June 15 1904 Over 1,000 People Die In The General Slocum Excursion Steamboat Fire
Hundreds Of Women And Children Burn And Drown In The Second Greatest Catastrophe In New York’s History
Illustration: Puck Magazine
Every year after 1904 there was a ceremony on June 15 to commemorate the victims of the General Slocum disaster. Today a few people will gather near an otherwise ignored memorial fountain in Tompkins Square Park to remember the 1,000 plus people who perished on the General Slocum.
Three-Year-Old Nettie Delaney Dies In A Horrific Accident & A Homeless Man Performs A Selfless Gesture – 1904
A kind act can transcend time. When researching our previous story about Times Square this tragic, but touching story was found.
Combining accounts from The New York Tribune, The New York Herald and The New York Times, this is what happened on August 31, 1904:
POOR, BUT A GENTLEMAN With His Only Coat He Taught the Morbid a Lesson.
Nettie Delaney, three and a half years old, of 14 West One Hundred and Thirty-Third Street, was run over and killed almost in front of her own home yesterday afternoon by a horse drawn heavy truck carrying stone.Continue reading →
The New York Crystal Palace Gave Americans A Building To Be Proud Of
On the site of the future Bryant Park on 42nd Street between Fifth and Sixth Avenues stood The New York Crystal Palace. It was only there for a little more than five years. Built of cast iron, timber and glass the building was unlike anything previously built in America.
Edwin G. Burrows book, “The Finest Building in America The New York Crystal Palace 1853-1858” Oxford; (2018), is a short, entertaining account of the impact the building and the wonders displayed inside, had on the city. Continue reading →
Before Automobiles, Runaway Horses Caused New York’s Traffic Accidents
Runaway on the Brooklyn side of the East River Bridge – drawn by John Durkin (Harper’s Weekly March 15, 1890)
Horses are a rarity on New York Streets. In 1890 there were tens of thousands of horses supplying transportation to the city.
New York Mayor Bill de Blasio is not a fan of horse drawn vehicles. Since his election in 2014 de Blasio has been inundated by animal activists to ban Central Park’s carriage horses. His efforts to do so have only removed the horses from waiting for customers outside the park. Continue reading →
At The Turn-Of The Century, 4th of July Celebrations Injured Thousands and Killed Hundreds of Revelers
This small informative chart was reprinted in the 1915 World Almanac. The Journal of the American Medical Association provided the statistics of accidents occurring during Fourth of July celebrations from 1904 – 1914.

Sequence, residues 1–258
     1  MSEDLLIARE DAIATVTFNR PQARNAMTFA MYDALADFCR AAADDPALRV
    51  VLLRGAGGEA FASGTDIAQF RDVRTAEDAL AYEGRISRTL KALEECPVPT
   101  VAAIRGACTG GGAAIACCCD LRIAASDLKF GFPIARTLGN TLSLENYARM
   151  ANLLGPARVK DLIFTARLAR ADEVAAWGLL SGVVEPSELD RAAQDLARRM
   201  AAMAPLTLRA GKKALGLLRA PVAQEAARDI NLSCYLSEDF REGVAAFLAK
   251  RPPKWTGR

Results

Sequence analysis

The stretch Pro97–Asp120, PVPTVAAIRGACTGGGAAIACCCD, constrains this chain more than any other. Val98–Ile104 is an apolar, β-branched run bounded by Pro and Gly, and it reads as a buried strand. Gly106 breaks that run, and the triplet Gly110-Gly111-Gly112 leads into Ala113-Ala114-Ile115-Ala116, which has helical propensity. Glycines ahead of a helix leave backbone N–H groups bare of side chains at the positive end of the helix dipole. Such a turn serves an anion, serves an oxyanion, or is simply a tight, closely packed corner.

According to the AMA the most accident prone cities were:
Grand Rapids, MI
Des Moines, IA
In a large city, like Philadelphia, PA, 22 were killed and 422 injured on July 4, 1907. Usually the cause was fireworks related.
A fireworks warning to children (who were smart enough to read a newspaper?) from The New York Tribune, 1908
Foolish acts by children causing injuries included pinning a string of firecrackers on to the back of another unsuspecting child. Another dim-witted act was throwing a lighted firecracker or shooting a roman candle at somebody. Continue reading →
In the late 19th century quite a number of people lost their heads in elevator accidents. Most press accounts of the incidents were thankfully short. But a few of the stories were described in sensationalist and sometimes sickening detail. The most common headline, “Decapitated By An Elevator,” as you’ll see, was not very original, Continue reading →
Depending upon how you look at life maybe this article should not be titled “Bad Luck Baby,Katie” but “Good Luck Baby Katie,” because Baby Katie didn’t die.
Today if you leave a young child unattended for any extended period of time and somebody reports you to the New York Office of Child and Family Services, they may eventually come around to pay you a visit.
That was not the case 100 years ago. Parents would frequently leave their children alone and bad things would happen. Generally no one interfered with poor parenting.
So if a child accidentally fell down a 20 foot flight of stairs not once, but twice within a week, you might think the child is accident prone and that’s not the parents fault.
Falling out a fourth story window is another matter altogether.
If what happened to sixteen-month-old Katie Reed in 1904 were to happen today, there would be a public outcry to remove her from her home.
This is the report from the July 30, 1904 New York Times:
” BABY KATIE ” FALLS 4 STORIES
Only Breaks a Leg—Fell Down stairs Twice Last Week.